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We’ve often stated that the goal of OpenCorporates is simple (but huge): to create an openly licensed database containing every corporate legal entity in the world, and provide open URI ids for them. We base this URI on the ID issued by the company register, as this brings multiple benefits:

  • No Monopoly ID system  Because we don’t produce the IDs, we can’t claim any IP rights in the URI and this allows it to be freely used without restriction and without even any reference to us
  • Knowable and useful If you know the URI you know the company number and vice versa – this makes it suitable as an ID even if we haven’t yet imported the data for that jurisdiction
  • A route to more data  Critically any database of companies shouldn’t be a dead end, but a route to other sources of information, and the entry on the company register is one of the most important, usually having statutory filings, current status, and even occasionally director information.

However, one of the questions we often get asked is about other identifier systems. Couldn’t, shouldn’t, mightn’t we use these instead, and if you are using them, how can OpenCorporates help tie them together?

And it’s true, there are a multitude of them – tax numbers, for example, ticker codes, charity registration numbers, etc – some of which at first, particularly from a US perspective, appear to do the job of acting as a corporate identifier. We covered in detail the problems with this approach in this blog post for the Sunlight Foundation, so we won’t go through them again here, other than to stress that what they identify isn’t the corporate entity but typically a record of that corporate entity’s activity or registration in a specific field (e.g. being given tax-exempt status or a banking licence, or the issuance of a particular type of security).

That’s not to say, however, that these identifiers aren’t useful. In fact they are a vital link between the corporate entity and some of those other activities – e.g. it’s really useful to know if a company has a banking licence, and if so what the ID of that licence is. We’ve been importing and matching some IDs for a while, as a look at this screengrab of Bermuda company Signet Jewelers Limited shows. As you can see, we’ve matched this to an entry on the US Security & Exchange Commission’s EDGAR Register.

Now, we’ve gone a tiny step further and started to explicitly list the alternative identifiers for companies where we’ve got that data, as you can see below:

But we’ve not stopped there. We’ve also created web pages for each of those IDs (and for those in the linked data community, we’ve done dereferenceable URIs, although we’re still working on the RDF representation):

A couple of important points:

  • Notice the URL: http://opencorporates.com/identifiers/cik/832988 You can see that it’s based just on the ID for the identifying system – in this case 832988 – and a ‘short code’ for the identifying system, in this case ‘cik‘ for the US Security & Exchange Commission’s Central Index Key. That means that just like the URLs and URIs for the companies, you can use these identifiers without reference to OpenCorporates, use them to go direct to the register, and avoid issues of monopoly IDs. Another example is http://opencorporates.com/identifiers/ccew/292326 (292326 is the identifier on the Charity Commission for England & Wales register, aka the Charity Number).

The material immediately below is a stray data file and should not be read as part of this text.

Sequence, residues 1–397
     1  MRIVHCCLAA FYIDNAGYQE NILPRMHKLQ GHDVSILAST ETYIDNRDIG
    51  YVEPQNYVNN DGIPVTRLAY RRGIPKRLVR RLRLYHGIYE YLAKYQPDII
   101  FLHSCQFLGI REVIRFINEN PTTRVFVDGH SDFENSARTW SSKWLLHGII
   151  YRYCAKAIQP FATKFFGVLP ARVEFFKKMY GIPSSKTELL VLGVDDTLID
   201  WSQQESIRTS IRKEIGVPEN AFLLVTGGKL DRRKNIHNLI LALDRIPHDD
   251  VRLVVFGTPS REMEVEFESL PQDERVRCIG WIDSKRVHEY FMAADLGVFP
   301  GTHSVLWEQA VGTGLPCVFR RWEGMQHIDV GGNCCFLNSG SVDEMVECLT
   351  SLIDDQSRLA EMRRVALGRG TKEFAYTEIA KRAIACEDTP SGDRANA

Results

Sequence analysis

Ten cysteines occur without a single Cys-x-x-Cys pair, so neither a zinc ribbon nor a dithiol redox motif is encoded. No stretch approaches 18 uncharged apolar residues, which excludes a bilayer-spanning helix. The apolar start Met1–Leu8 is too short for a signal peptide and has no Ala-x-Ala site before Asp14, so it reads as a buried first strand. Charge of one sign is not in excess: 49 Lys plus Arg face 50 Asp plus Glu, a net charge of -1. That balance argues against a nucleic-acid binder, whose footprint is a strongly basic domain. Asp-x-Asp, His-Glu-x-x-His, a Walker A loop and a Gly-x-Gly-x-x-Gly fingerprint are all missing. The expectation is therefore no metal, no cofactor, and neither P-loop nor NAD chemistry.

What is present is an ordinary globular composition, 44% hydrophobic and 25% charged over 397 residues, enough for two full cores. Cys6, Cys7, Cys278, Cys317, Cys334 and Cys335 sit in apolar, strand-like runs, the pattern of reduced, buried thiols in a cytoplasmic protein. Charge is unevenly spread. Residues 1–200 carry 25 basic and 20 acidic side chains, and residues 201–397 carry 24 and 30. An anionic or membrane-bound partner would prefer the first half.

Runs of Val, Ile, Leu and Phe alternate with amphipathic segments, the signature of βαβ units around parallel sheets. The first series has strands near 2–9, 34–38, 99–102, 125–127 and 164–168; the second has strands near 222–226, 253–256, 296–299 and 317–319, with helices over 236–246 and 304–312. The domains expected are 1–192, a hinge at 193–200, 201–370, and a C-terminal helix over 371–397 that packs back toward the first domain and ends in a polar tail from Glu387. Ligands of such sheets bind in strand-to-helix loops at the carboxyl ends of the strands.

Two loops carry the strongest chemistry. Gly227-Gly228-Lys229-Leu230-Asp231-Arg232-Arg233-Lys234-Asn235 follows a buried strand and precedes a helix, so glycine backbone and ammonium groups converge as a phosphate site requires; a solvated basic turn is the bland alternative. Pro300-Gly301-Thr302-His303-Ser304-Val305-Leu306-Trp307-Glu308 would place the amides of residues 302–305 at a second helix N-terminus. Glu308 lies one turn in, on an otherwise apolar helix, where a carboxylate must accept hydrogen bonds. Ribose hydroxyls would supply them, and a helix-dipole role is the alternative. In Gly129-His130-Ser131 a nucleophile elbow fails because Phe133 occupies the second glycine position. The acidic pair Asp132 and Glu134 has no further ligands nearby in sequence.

• You’ll notice that we’re also showing the associated piece of data we have for that ID, and through that, if we’ve matched it, the company that we believe it relates too. That’s important, both from clarifying the difference between an entry on a register the legal entity, and from providing a link to other data.

There’s a list of the identifying systems we’ve imported at least some data for at http://OpenCorporates.com/identifiers (and just like the individual identifiers there are dereferenceable URIs for each of these systems for the linked data community), but please do let us know others we should be including (we’re looking at the US FDIC bank register at the moment).

We’ll also be making this available through our open API on the next versioned release, but in the meantime you can already access the information as JSON and XML, simply by putting ‘.json’ or ‘.xml’ onto the URL, for example, http://opencorporates.com/identifiers/cik/832988.json and http://opencorporates.com/identifiers/cik/832988.xml.

It’s at an early stage, very much an experimental feature, yet already is showing great promise. Of course we’ve imported only a fraction of the ID systems that exist out there, and many of the IDs we’ve imported we haven’t yet matched to corporate entities (e.g. virtually all the EU VAT numbers), usually because this information isn’t made available in a consistent and open way. There are also bound to be useful comments about how we could improve things, or where there are bugs (that’s one of the benefits to doing open data).

But critically just by adding these simple features, and creating open URIs, it allows the development of that holy grail of corporate data: a global and open identifier lookup system.

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